For the past two months, I’ve experimented with reproducing works of art that are based on algorithmic processes (most of them by artists who have a historical connection to Stuttgart, or whose work I’ve seen in local museum collections), such as Horst Bartnig’s 72 unterbrechungen, 72 striche in 3 farben (72 breaks, 72 lines in 3 colors), from 1995. Some might argue that in creating these reproductions (or copies), I violate a number of exclusive author rights held by the artists (or owners) of the works in question, governed by copyright and other aspects of intellectual property law. My project’s goal is to critically explore the validity, relevance, and usefulness of such assumptions in contexts of computer-aided art-making. I am also interested in developing reproduction technologies as analytical tools that open up new ways of seeing digital artworks.
My approach is to try to inhabit all steps and aspects of the reproductive process as fully as possible. I begin by contemplating the original artworks until I am able to recompose (from scratch) the algorithms on which they are based. This recoding takes place using freely available programming tools such as Processing. Then I use self-built drawing machines (you might call them drawing robots) to render new versions of the works I copied. Finally, I experiment with producing minutely (or radically) modified iterations of the originals. The process is so long-winded and elaborate that ultimately it makes little sense to say I am »copying« an »original.« And yet, in a way what I am doing is a very close (digital) approximation of the »original« way of creating »copies«: spending days upon days decoding and recomposing the patterns and mathematical logic underlying the chosen artworks, I feel pretty close to the scribes who hand-copied important manuscripts in the Middle Ages.
My work at Akademie Schloss Solitude begins with an interest in the aesthetic implications of legal problems related to digital art-making: What does »authorship« mean in contexts of procedural, process-oriented, and generative art? How is our understanding of the artist figure impacted when the labor of »creating« is decoupled from traditional ways of producing a work (such as writing a poem, or painting a picture), and when this labor instead becomes attached to the output of algorithms, which are involved in virtually all digital art-making (from interactive fiction and procedural composition to generative visual art)?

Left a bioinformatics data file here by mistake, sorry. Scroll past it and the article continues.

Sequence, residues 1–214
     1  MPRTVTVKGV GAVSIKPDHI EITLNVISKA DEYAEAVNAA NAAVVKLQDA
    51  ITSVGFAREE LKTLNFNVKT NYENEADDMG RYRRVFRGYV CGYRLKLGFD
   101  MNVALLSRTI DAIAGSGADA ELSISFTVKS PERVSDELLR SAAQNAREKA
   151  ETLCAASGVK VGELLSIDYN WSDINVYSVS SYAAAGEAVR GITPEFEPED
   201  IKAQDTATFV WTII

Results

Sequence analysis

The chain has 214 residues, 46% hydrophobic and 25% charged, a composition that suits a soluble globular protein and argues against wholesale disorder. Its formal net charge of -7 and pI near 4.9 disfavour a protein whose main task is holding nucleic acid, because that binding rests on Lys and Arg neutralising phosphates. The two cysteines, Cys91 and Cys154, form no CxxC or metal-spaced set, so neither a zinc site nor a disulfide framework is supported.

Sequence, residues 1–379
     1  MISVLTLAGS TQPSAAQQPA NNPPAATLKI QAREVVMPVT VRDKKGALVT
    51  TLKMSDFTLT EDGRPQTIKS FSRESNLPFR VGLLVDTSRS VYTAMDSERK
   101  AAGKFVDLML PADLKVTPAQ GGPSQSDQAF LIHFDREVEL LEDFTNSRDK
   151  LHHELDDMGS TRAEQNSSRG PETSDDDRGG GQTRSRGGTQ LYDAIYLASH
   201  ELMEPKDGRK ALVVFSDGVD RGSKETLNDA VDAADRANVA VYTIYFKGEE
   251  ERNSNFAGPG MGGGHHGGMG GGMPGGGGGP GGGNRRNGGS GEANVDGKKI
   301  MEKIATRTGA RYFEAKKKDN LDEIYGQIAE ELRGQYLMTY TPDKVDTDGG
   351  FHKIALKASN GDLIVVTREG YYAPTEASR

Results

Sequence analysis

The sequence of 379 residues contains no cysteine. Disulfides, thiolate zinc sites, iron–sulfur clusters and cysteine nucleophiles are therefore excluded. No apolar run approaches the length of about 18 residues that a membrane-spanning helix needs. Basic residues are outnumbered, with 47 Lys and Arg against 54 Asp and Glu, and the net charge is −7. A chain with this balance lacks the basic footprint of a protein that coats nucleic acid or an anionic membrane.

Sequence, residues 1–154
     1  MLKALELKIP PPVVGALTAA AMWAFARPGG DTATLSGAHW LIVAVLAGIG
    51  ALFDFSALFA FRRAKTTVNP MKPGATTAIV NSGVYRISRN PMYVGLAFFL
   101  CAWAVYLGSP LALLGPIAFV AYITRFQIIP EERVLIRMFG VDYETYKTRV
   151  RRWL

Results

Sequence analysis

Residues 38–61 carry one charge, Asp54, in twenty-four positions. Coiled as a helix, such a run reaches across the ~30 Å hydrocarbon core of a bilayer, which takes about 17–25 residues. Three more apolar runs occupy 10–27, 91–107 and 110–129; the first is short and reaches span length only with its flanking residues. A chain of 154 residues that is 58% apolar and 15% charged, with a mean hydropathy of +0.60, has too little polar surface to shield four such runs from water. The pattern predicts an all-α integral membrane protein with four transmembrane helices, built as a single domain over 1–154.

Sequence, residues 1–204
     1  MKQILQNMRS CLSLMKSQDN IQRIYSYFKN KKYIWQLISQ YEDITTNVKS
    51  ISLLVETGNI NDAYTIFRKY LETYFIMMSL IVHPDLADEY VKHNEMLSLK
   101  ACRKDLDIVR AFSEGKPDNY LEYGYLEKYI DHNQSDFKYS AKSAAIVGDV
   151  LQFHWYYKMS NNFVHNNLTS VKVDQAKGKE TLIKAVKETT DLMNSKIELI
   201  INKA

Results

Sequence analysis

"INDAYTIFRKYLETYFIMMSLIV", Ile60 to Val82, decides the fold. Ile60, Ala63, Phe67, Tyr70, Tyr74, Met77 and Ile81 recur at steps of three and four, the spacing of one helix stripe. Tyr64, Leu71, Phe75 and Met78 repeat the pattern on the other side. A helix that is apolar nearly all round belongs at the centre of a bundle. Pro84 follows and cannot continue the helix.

As a researcher of digital culture and intellectual property law, I have explored these kinds of questions for many years. A core tenet of my research-based work is that the digital is fundamentally characterized as reproducible, shareable, remixable, and modular; therefore, the digital provides a key context for raising difficult issues of creative agency and cultural ownership. From Dadaist collage to the appropriation-based work of Sherry Levine or Richard Prince, art has always played an important role in challenging traditional notions of what it means to create and own culture – digital art is no different, and may even amplify these issues.
My time at Solitude provides me with a unique opportunity to develop a practice-based dimension that expands on my theoretical concerns. What are the aesthetic, legal, and economic contours of generative digital art works? In digital contexts, does creative agency (as it is traditionally understood) remain with an »original« author/creator, or is a new kind of nonhuman creative agency emerging, embodied in the digital devices, tools, and platforms that we now use to express ourselves creatively? Additionally, what becomes visible (what can we learn) when we develop practice-based, experiential, or performative ways of seeing not only the artworks themselves, but the underlying tools and technologies? (For example, the video below reveals the paths chosen by the drawing machine in executing my recoding of Bartnig’s original.)
In trying to inhabit all aspects of digital reproduction as fully as I can, I produce images that are full of small (or large!) flaws, imprecisions, and glitches. My work therefore invites two interpretations, which are, curiously, mutually opposed. The first interpretation is that I create illicit reproductions of copyrighted works, an activity that violates the original creators’ authorship rights. The second is that the work of appropriating these images takes so much effort and introduces so many distortions and transformations that the law (or, at least, common sense!) can hardly recognize them as copies of the works in question.